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Pakistan races to protect mountain villages from runaway glacier

Pakistan races to protect mountain villages from runaway glacier

HUNZA - A menacing black glacier is bulldozing its way down a valley in northern Pakistan, threatening to cut off a vital road link to China and blocking meltwater that could flood villages below.

Up close, the surging wall of ice almost 200m high, above Hassanabad village in Hunza district, cracked and groaned in the May sun as ice and debris fell off in big chunks.

The glacier has been advancing since last July, according to Mr Faheem Baig, a shepherd from the village next to the Karakoram Highway, 4km downstream of the glacier mouth.

"I went off with my yaks to the summer pasture far up above the glacier in May, and when I came back to get some supplies in October, the valley was completely blocked by this glacier," he told the Thomson Reuters Foundation. "The trail on the mountainside was gone and with great difficulty I made it back over the mountaintop. I had to leave my livestock behind. I couldn't believe it had moved so fast."


Mr Shehzad Baig, assistant director of the Gilgit-Baltistan Disaster Management Authority, said the Shishper glacier was on the move partly because it was located on the main Karakoram thrust line where tectonic plates are shifting.

In addition, deposits of snow on the glacier have increased due to larger amounts of snowfall in the winter months over the past five years linked to climate change, he said.

A February report on the Hindu Kush-Himalayan region from the International Centre for Integrated Mountain Development (ICIMOD) said the Karakoram and western Himalaya areas were seeing more variability and a higher probability of snowfall.

But Dr Philippus Wester from the Nepal-based ICIMOD, who led the study, said that while some glaciers in Pakistan are stable and a few are even gaining ice, they will nonetheless all start to melt in time as the planet heats up.

The report warned that more than a third of the ice in the region would melt by 2100 even if governments took tough action to limit global warming under the 2015 Paris climate agreement.

Hunza District Commissioner Babar Sahib Din, said the 15km-long Shishper glacier had surged forward 2.5km since last July, and was now advancing nearly 4m per day.

"At this rate, it will take around two years to reach the KKH (Karakoram Highway) - but we are hopeful that it will stop surging," he said.


To the left of Shishper is another glacier, Muchowar, which was once parallel but retreated 4km from 2006 to 2017, possibly sparked by rock falls linked to local mining activity.

Shishper's surge ahead means the water coming out of Muchowar as it melts in the summer cannot run down the ravine's streams, and has formed a lake in the Muchowar Valley.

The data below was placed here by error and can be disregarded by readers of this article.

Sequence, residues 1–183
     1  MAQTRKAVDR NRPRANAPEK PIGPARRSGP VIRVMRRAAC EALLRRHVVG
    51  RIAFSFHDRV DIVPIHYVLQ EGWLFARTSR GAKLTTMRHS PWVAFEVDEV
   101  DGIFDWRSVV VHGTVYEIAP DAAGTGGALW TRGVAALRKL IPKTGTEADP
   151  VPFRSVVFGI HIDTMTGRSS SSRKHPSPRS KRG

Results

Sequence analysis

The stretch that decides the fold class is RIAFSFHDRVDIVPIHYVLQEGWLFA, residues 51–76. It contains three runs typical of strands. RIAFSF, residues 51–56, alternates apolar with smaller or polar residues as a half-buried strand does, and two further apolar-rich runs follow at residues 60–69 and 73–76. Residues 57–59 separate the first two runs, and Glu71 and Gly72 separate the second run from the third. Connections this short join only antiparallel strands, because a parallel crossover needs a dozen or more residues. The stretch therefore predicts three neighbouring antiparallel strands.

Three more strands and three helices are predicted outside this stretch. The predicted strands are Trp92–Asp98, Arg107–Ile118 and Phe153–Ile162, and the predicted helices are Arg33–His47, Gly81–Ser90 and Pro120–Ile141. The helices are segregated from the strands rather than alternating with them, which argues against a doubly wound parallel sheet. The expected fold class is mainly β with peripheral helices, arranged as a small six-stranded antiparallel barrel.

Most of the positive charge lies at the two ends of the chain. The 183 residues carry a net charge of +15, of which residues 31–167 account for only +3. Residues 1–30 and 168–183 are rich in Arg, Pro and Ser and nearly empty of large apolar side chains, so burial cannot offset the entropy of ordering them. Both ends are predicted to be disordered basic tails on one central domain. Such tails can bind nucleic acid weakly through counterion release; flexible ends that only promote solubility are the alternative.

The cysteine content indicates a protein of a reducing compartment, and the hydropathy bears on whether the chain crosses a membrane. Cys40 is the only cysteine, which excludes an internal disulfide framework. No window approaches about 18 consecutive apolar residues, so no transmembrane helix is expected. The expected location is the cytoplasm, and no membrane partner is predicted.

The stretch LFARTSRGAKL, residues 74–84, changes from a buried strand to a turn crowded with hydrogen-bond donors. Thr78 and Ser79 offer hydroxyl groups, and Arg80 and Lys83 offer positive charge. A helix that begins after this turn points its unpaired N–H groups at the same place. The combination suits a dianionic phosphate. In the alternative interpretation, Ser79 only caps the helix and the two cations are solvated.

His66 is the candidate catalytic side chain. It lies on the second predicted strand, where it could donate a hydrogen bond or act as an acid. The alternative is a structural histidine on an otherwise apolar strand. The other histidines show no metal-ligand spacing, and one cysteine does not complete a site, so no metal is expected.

A month ago, there was a danger that the glacial lake would burst, causing floods below.

But Mr Sahib Din said the risk had passed, as crevices had opened in Shishper with May's rising temperatures, enabling water to pass through into the stream.

However, there are 72 houses downstream that are at risk from sudden flooding in case bigger crevices open and the water starts flowing faster.

Villagers have been told where to evacuate, and Mr Sahib Din has set up a control room to monitor the situation.

An early warning system for glacial lake outburst floods (GLOFs) would be invaluable, he and other experts said.

The Green Climate Fund, set up to help developing countries tackle climate change, has granted US$37 million (S$51 million) to a project to reduce the risks of such floods in northern Pakistan.

Its technical adviser, Mr Abduvakkos Abdurahmanov, who works for the United Nations Development Programme (UNDP) in Pakistan, has visited Shishper glacier and believes the work is urgent.

After a bureaucratic delay of over a year as Mr Imran Khan's government settled into office, the project is finally being implemented. Sixteen valleys with threatening glaciers will be selected in the Gilgit-Baltistan region and eight in Khyber Pakhtunkhwa's mountainous districts after analysis of local vulnerabilities.


Mr Abdurahmanov said the government, the UNDP's partner on the project, had requested work be speeded up to install equipment like sensors to monitor water discharge and glacier movement.

Satellite imagery and drone mapping, meanwhile, will be used to set up early warning systems, he said. "We can calibrate the risk - but of course, it won't be 100 per cent precise," he added.

Mr Muhammad Atif, deputy director of the Pakistan Meteorological Department, noted the complexity of glacier-linked dynamics - sometimes a GLOF can be triggered by torrential rains, or a "dry flood" can occur when a lake bursts due to a temperature spike.

Mr Mohammed Ibrahim Khan, UNDP manager for the GLOF project, said lessons had been learnt from an earlier pilot project in two mountainous valleys in Chitral and Gilgit ago, financed by the UN Adaptation Fund.

They included the need for better coordination among different government departments and agencies, he said.

Besides GLOFs, the new project will address flash floods, another big problem in these mountainous areas, he added.

Other interventions include building flood prevention structures like gabion walls, and stabilising slopes by planting shrubs with deep roots and fast-growing trees such as poplars.

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